BOISE -- For the next week and-a-half, you may see some strange-looking activity around the city of Boise, with groups of men talking on radios and looking to the skies. It's all part of a training exercise that officers said they couldn't remember every happening outside a training range. But, they say it's crucial to their mission overseas, and that few other places, besides Boise, provide a suitable environment for it.

From July 16th to July 25th, the Idaho Air National Guard will practice their communication with tactical teams on the ground.

That's probably one of the most important pieces, and sometimes toughest nut to crack, said Lt. Col. Scott Downing, A-10 pilot with 190th fighter squadron of the Idaho Air National Guard. A misinterpreted word or phrase can do a lot of damage in a hurry.

You won't hear or really see much of the Guard's jets. But what you might see is a sight that could be worrisome. Around the foothills, or even in the city, a bunch of guys will be standing around talking on radios and looking up in the sky. Don't worry, they're with the Air Force.

While the Air Guard is honing their communication from the skies, a group of tactical air command and control specialists from a base in Florida will be honing their communication from the ground. The team will be training with a new piece of equipment, calling in simulated air strikes, and practicing coordination between ground and air, before they deploy to Afghanistan.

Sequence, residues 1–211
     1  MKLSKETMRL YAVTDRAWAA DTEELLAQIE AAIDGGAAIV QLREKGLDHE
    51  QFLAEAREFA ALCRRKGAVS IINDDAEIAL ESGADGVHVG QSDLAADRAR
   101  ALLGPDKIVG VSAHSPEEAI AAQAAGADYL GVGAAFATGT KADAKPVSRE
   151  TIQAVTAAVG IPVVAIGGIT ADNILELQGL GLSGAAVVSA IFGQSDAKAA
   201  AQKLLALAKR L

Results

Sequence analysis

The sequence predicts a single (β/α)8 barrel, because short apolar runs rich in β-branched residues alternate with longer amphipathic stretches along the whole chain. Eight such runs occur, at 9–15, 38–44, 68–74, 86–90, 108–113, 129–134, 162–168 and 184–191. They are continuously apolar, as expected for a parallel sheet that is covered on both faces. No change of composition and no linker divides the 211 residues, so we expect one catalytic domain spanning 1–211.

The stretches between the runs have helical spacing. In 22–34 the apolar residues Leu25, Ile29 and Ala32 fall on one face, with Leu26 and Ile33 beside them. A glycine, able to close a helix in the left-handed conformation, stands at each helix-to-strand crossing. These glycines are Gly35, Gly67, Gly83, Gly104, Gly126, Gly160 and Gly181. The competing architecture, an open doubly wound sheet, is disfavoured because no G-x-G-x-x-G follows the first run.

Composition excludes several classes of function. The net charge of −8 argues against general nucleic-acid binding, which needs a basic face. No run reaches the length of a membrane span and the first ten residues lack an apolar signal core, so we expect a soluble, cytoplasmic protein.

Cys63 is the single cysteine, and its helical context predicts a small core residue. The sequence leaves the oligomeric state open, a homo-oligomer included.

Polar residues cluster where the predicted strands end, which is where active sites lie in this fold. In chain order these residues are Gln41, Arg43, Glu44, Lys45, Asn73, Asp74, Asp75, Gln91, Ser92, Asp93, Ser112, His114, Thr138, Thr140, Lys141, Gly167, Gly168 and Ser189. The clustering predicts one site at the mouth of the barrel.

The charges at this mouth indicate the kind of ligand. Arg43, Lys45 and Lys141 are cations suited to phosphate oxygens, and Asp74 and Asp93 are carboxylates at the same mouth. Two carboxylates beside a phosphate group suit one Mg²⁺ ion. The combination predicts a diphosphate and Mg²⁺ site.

2nd Lt. Robert Steiner, with the 124th fighter wing of the Idaho Air National Guard, does a very similar job, and explains their goal, The aircraft knowing at all times where they're at, and the ground forces being able to tell the aircraft where they're at on the ground, in the maze that is the urban environment.

But, why did they come all the way from Florida to Boise? While teams rarely train in the city itself, teams are here on the ranges pretty regularly. We have them visiting almost every month of the year from different states, said Lt. Col. Downing.

Officers say it's because of the sharpness of Idaho's 124th fighter wing, and the geography of the area and city being similar to where they have, and where they will, deploy. It offers very realistic training, and that training directly translates to saving lives when we're overseas, said 2nd Lt. Steiner.

The training runs from the 16th to the 25th. While the Florida ground team will be deploying soon, there's no plans for the Idaho Air Guard to deploy. But, it's their job to stay ready.

If you have any questions, the Idaho Air Guard's 124th fighter wing encourages you to give them a call. Their number is (208) 422-5398.

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